Convincing GOI on lower GST rates, infra status to the industry my top priorities: Sunder Advani

Sunder. G. Advani has been appointed the President of WTTCII (World Travel and Tourism Council, India Initiative) for 2018. He assumes office at a time when the government is aiming to double inbound numbers in the next three years, besides doubling foreign exchange revenue from tourism in the same timeframe. In his admission, he terms the target “very optimistic” and suggests that batting for a more reasonable GST rate slab and assisting the government in attracting high-end tourists, among others, are his key priorities moving forward. He shares his thoughts on a host of issues in an exclusive interaction with BITB. 

What are your key priorities after assuming office in 2018? If you must list out three key areas of importance, what would they be?

My first priority is to continue my efforts to convince the government authorities that a GST rate of 28 percent on hotel rooms which are priced at INR 7500 per day is far too high.  Foreign tourists will be inclined to visit our competing countries where the tax rates are less than 10 percent.  Even our domestic tourists will be attracted to go abroad rather than stay within India.  The GST Council has reduced the slabs on various luxury items such as diamonds.  A room costing INR 7500 or about 110 USD is not a luxury, as compared to a one-way business class ticket between Mumbai and Delhi priced at INR 40,000 and charged GST of 12.

My second priority is to convince the government that tourism can create more jobs (especially in Tier II and Tier III cities) at a lower investment than most other industries and must be given “Infrastructure Status”.  India has a competitive advantage in tourism as labour is a major cost component and our labour rates are reasonable.

My third priority would be to help the government to attract foreign tourists, especially of the affluent variety to our country.  WTTC has done research studies on which countries are likely to witness a growth of outbound tourism and their research can be useful to target specific countries and to attract them to India.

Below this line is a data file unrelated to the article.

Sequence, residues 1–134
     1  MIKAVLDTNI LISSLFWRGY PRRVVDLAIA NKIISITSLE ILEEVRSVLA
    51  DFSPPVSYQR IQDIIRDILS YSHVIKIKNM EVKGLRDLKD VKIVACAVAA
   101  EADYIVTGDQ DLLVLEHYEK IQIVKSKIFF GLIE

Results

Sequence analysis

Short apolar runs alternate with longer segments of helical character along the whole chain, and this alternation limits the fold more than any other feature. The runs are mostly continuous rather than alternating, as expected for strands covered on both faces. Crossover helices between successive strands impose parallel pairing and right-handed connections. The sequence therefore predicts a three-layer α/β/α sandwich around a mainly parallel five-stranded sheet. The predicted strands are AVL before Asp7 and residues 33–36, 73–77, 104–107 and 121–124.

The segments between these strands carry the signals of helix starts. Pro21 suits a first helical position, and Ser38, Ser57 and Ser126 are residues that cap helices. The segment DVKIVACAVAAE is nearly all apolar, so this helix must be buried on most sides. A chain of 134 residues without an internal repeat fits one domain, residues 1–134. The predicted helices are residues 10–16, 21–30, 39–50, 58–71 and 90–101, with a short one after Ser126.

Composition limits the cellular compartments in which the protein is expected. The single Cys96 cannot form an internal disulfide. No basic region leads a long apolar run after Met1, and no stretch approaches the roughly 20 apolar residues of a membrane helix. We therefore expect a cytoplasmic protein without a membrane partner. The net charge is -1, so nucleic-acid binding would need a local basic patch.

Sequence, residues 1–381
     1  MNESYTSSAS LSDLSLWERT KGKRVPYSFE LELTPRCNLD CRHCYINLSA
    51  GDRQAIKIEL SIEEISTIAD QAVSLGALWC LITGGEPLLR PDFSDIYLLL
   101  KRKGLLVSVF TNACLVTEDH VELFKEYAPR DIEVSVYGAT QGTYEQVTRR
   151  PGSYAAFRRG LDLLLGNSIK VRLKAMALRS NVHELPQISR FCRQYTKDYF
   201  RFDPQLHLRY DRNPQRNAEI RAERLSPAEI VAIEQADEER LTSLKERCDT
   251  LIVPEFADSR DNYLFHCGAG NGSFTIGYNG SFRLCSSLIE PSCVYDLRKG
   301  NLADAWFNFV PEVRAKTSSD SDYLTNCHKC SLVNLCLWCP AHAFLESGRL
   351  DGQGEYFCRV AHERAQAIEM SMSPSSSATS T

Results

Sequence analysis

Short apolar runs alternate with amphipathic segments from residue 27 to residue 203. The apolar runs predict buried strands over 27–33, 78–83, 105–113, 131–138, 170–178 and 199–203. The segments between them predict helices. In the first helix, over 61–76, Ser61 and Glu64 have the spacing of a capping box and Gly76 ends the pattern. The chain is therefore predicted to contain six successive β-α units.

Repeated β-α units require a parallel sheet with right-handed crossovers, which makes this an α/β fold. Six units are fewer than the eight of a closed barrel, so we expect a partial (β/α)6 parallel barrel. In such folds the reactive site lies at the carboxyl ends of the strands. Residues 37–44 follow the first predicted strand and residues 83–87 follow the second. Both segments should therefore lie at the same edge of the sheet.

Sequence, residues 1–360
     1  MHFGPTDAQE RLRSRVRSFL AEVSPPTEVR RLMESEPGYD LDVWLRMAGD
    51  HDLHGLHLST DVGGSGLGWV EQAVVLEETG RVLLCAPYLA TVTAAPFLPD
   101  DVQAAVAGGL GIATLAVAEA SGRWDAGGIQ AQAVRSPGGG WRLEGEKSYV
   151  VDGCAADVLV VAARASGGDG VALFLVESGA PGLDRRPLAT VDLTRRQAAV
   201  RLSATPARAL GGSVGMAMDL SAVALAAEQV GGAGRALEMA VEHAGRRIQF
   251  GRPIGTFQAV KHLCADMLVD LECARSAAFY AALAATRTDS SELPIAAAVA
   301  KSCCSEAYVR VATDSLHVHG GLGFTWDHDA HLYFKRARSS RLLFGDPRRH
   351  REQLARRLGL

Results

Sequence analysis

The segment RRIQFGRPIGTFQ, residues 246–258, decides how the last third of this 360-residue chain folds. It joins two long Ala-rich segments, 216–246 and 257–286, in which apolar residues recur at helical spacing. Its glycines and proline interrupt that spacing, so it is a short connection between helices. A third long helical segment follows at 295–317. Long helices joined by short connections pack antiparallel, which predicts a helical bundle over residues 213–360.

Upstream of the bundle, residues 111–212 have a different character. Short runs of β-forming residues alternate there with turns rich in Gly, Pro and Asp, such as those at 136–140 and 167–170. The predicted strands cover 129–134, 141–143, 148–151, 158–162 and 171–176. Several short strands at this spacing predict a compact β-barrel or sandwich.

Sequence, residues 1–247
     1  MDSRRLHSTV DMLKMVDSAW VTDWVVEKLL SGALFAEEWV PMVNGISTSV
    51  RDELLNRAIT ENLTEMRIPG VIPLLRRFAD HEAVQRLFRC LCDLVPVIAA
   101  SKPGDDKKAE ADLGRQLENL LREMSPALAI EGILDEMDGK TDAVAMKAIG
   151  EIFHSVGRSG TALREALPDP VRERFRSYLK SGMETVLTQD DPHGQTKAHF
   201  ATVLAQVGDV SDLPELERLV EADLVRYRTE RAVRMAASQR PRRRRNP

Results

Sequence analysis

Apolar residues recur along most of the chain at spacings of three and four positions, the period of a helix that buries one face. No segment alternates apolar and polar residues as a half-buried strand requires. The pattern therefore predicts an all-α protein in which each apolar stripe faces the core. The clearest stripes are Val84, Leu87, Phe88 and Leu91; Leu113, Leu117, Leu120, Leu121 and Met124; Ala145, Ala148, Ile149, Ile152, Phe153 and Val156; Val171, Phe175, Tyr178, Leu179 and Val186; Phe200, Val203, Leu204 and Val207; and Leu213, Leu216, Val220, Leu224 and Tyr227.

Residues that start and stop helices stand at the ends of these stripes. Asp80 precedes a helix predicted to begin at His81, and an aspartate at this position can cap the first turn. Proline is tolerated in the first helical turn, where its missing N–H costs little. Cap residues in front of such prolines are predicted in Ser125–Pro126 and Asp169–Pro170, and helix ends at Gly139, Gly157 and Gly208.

At a time when WTTCII is trying to bring in more synergy amongst stakeholders, we see that countries, world over, are increasingly embracing protectionism – in businesses and otherwise. How do you see that impacting travel and tourism in the imminent future? How will businesses in the industry deal with this challenge?

Even though countries the world over are embracing protectionism, this will have no impact on travel and tourism in the near future.  Prime Minister Modi and President Donald Trump are pushing “Make in India” or “Buy American, Hire American” respectively, but not asking their citizens not to travel to other countries.

Indian PM has made a strong pitch for India as an attractive business destination at Davos. You have been a strong votary of MICE segment and opportunities therein. Do you think all this outreach, especially from the top echelons of the government, will boost the segment? What are some challenges facing MICE segment in India?

The strong pitch made by PM Modi at Davos will certainly attract more businessmen from abroad to visit India.  This will certainly provide a boost to MICE tourism.  The challenges facing MICE from outside India is that they require a large number of hotel rooms for a few days, especially in the peak winter months.  Moreover, the commitments by hotels with rates has to be given several months before the Event.  Many hoteliers are reluctant to do this. 

There are challenges faced by MICE from within India.  As per the GST regulations, if an Indian Company decides to hold a conference in a hotel in a State where it does not have an office, the Company would not be entitled to INPUT Credit.  Hence, domestic MICE will suffer.

We have crossed the elusive ten million international inbound mark in 2017. It is unprecedented. Where do you see these numbers heading in the coming years? Is the tourism minister’s target of doubling inbound numbers and foreign exchange revenue from tourism in three years an achievable one? If yes, what do you think needs to be done to reach that milestone?

The 10 million mark is too low when compared to Thailand’s 32.6 million, or Singapore’s 16.4 million, or 12 million visiting Indonesia.  If one does a straight-line projection of the last 10 years, the targets set by the tourism minister appear to be very optimistic.  It is very heartening to see that he has projected the foreign exchange revenue from tourism which is more important than the number of inbound tourists.  There needs to be a concrete plan for achieving these numbers.  The Consulting Company which I worked for in Washington DC was requested to do a Tourism Master Plan for Sri Lanka almost 50 years ago and I was assigned to the project.  The study went into which countries should be chosen on a priority for marketing taking into consideration their per capita GDP, distance from Sri Lanka etc.  The study was required to project what aspects of the country needs to be highlighted and the type and number of hotel rooms that should be available in those tourist areas and what else needs to be done to succeed.  This requires to be done if one wishes to achieve these numbers.

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